OU Professor Seeks Suppression Of Evidence In Child Porn Case

By
Susan Tebben - Athens Messenger staff reporter

Dateline
Updated Sat, Aug 2, 2014 9:59 am
Amol T. Kharabe, an assistant business professor at Ohio University, faces charges of child pornography stemming from a Feb. 10 arrest

An Ohio University professor facing trial on charges of possessing child pornography is asking that evidence be left out of the case based on his Fourth Amendment rights.

Amol Kharabe, 41, of Dublin, has asked that the evidence seized from a Richland Avenue apartment he used while staying in Athens be struck from the case, according to court documents.

The charges stem from accusations that Kharabe knowingly had material “that shows a minor participating or engaging in sexual activity, masturbation, or beastiality,” court documents stated.

Kharabe was originally indicted in February on nine counts of pandering obscenity involving a minor, one count of pandering obscenity, one count of illegal use of a minor in a nudity-oriented material or performance and one count of possessing criminal tools.

In May he was served with additional charges in a superseding indictment. That indictment added nine more charges, all for fourth-degree felonies of pandering sexually-oriented matter involving a minor, according to previous Messenger reporting. He has pleaded innocent to all charges.

Athens County Prosecutor Keller Blackburn said previously that the second crop of charges are “alternative” charges, meaning they will either replace the original counts of pandering obscenity or be dismissed.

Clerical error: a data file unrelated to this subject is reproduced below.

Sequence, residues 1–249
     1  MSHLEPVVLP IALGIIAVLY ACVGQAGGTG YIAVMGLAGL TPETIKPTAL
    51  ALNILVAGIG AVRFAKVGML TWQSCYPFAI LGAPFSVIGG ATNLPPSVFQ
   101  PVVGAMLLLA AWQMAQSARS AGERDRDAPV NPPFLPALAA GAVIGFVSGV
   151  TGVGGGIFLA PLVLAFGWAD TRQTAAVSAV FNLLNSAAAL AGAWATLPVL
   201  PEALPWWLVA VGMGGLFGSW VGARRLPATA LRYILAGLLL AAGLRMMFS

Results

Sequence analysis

But a motion filed Thursday, attorney Thomas Tyack argues that investigators violated Kharabe’s rights by seizing information off equipment and devices seized from an apartment at 3108 Richland Avenue.

Investigators went to the address after receiving information that an IP address allegedly operating on Ohio University’s network was reportedly downloading pornographic material involving minors, the motion stated. Lt. Jeff McCall of the Athens Police Department is specifically mentioned in the motion.

“(McCall) then spoke with the apartment complex manager and learned apartment 3018 was leased by the Ohio University College of Business in which visiting professors would stay there for short periods of time,” Tyack wrote. “The ... College of Business further explained that this particular apartment was a four bedroom/four bathroom apartment and each professor had a key to their individual bedroom.”

In September 2013, the police department conducted a search and seized equipment, computers discs and other devices.

“No search warrant was obtained based on probable cause to search the contents of the various equipment, items, or devices,” Tyack said.

The attorney argued that the search warrant “did not define the scope of the search of the subject matter or electronic images within the devices seized,” instead, it authorized a “blanket search” of the devices.

“Failure to define the scope of the search of the subject matter on the devices renders the search warrant overbroad and invalid,” the motion stated.

While McCall was able to determine the make and model of the wireless router allegedly used to download the material, Tyack said he could not determine if the router was in the apartment, whether it was a secure router or what electronic devices had access to it.

“There are devices up to 500 feet away in other apartments or student dorms which could have had access to the wireless router,” Tyack stated.

The prosecution has not filed a response to the motion, nor has Athens County Common Pleas Judge George McCarthy issued a ruling on the matter.

Kharabe was released on his own recognizance and a hearing on the motion is scheduled for Oct. 1. A jury trial in the case is currently scheduled for November.

 

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